How High do Trees Grow?

We need to dig deeper into the news to get the real facts.

When we hear on the news and read in the paper the dire pronouncements about the fragility of the U.S. economy, the slowdown in housing starts, the uncertainty in the stock market, and the volatility of oil prices, we are concerned for those who take these snapshot pronouncements at face value, using the "information" to make business decisions. Why? Because the news doesn't tell all. Driven by the "sky is falling" approach of network news and internet sites, which need blaring headlines to get us to tune in and "click through," the current take on the economy provides little real analysis and makes no effort to put its "news" into perspective. Unless we dig deeper on our own we simply can't learn much from the "fact-of-the-day" approach to news.

The media focuses on housing starts, prices, and sales because that news hits us where we live, literally. But there's more going on out there than housing starts. Consider these June 2006 figures from the federal government:

  • Commercial construction was up 16%
  • Private construction (factories, warehouses) was up almost 24%
  • Road and highway work was up 20%

But since the "talking heads" want to focus on housing starts, let's take a closer look at them. It's true that housing starts dipped 6% to a seasonally adjusted annual rate of 1.665 million in August, just as it's true that sales have slowed and housing prices have declined (at least in some areas). But that's just the sound-bite picture. Viewed from a broader historical perspective, housing starts for the last six years have been at unsustainably high levels, significantly higher than they have been for the last 20 years. So, is there anyone out there who didn't think a correction like this would happen once interest rates returned to their historically more-normal, pre-Alan Greenspan levels?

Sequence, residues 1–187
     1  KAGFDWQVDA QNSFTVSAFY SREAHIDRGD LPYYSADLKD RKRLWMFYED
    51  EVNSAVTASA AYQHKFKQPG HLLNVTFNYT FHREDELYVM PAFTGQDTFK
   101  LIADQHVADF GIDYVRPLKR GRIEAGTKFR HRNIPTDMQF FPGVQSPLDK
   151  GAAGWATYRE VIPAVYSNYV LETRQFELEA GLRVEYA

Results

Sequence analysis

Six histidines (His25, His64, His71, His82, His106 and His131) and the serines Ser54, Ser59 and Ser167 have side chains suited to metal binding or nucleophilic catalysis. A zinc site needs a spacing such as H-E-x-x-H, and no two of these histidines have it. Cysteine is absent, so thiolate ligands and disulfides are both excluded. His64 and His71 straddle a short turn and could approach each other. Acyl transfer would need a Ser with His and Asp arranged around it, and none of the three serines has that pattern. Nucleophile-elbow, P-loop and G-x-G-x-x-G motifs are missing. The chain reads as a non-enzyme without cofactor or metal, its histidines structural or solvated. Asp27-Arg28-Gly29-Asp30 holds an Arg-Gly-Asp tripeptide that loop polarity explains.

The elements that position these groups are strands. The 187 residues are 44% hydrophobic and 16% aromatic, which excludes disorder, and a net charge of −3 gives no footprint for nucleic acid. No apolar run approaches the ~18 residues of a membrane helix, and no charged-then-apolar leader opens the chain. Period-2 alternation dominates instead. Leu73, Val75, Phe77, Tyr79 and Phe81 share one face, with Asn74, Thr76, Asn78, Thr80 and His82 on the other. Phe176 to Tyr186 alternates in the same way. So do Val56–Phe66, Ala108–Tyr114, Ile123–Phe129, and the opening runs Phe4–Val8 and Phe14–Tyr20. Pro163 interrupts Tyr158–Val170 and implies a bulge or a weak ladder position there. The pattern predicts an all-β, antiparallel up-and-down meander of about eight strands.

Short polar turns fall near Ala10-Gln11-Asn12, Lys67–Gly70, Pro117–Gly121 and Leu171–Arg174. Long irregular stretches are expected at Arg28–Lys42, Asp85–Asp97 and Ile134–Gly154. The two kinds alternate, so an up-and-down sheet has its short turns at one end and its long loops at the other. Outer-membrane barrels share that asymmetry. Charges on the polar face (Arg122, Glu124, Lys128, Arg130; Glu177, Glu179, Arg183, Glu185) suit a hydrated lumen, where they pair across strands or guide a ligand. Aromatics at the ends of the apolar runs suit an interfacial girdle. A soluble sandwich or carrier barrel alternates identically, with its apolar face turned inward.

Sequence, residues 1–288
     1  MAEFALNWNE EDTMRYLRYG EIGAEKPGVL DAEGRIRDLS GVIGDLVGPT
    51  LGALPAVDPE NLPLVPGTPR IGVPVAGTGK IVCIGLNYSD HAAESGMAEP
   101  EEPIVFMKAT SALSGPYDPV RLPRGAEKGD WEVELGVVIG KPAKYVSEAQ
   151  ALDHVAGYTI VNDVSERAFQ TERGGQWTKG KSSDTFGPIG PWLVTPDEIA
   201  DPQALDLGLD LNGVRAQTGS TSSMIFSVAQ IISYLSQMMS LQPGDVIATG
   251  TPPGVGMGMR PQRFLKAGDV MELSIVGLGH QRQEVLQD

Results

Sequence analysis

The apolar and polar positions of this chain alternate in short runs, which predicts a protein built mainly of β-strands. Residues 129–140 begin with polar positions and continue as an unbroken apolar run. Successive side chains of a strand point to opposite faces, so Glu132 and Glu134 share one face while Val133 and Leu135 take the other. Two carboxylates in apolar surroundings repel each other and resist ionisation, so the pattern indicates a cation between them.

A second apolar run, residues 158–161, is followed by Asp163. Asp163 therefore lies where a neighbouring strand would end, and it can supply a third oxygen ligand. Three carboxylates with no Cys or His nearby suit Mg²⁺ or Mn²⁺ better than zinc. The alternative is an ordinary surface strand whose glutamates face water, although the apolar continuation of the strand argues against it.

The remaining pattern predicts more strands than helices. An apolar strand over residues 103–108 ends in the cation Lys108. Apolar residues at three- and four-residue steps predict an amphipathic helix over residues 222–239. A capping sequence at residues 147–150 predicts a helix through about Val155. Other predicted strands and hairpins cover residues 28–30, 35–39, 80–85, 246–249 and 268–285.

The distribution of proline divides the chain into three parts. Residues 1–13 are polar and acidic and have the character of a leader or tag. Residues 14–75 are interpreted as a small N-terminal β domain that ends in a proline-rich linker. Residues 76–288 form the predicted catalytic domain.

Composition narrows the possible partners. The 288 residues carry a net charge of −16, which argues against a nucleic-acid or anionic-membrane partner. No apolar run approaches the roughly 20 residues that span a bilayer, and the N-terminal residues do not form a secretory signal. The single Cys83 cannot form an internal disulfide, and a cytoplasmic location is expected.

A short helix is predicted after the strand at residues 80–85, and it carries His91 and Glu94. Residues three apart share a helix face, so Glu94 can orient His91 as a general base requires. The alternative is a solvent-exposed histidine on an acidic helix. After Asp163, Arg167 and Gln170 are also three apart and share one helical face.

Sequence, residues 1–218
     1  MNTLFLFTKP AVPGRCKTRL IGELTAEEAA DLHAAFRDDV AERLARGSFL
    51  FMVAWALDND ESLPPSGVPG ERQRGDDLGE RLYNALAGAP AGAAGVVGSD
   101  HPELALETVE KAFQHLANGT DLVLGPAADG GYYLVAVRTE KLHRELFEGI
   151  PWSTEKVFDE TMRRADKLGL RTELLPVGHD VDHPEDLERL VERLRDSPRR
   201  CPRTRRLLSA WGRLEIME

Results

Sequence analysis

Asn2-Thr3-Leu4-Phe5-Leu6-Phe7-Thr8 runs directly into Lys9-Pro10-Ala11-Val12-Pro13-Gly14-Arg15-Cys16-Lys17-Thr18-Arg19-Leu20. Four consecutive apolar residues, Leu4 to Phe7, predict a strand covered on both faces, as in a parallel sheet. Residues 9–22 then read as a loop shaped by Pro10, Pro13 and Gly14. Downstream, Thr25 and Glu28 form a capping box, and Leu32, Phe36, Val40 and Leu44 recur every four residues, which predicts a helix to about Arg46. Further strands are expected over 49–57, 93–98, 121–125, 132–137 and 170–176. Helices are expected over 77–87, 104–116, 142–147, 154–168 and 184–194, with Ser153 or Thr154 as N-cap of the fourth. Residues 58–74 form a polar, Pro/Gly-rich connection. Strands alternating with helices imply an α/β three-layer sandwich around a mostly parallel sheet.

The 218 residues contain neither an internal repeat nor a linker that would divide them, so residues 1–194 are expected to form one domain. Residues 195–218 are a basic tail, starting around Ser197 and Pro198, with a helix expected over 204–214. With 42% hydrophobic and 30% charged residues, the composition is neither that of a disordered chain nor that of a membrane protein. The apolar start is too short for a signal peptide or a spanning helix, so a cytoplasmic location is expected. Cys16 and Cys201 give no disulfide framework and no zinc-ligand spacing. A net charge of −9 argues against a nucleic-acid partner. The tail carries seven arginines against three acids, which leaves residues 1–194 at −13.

Just like the stock market, the housing market is correcting to what used to be acceptable levels. We had a good run there, and any contractor working in that sector likely had a good run too. (And don't forget, once any pavement is constructed it provides maintenance work for years.) So view the economic "news" with a grain of salt, and don't get too pessimistic. There's an old investor maxim that "no tree grows to the sky," and that's probably as good a way as any to view the current economic situation.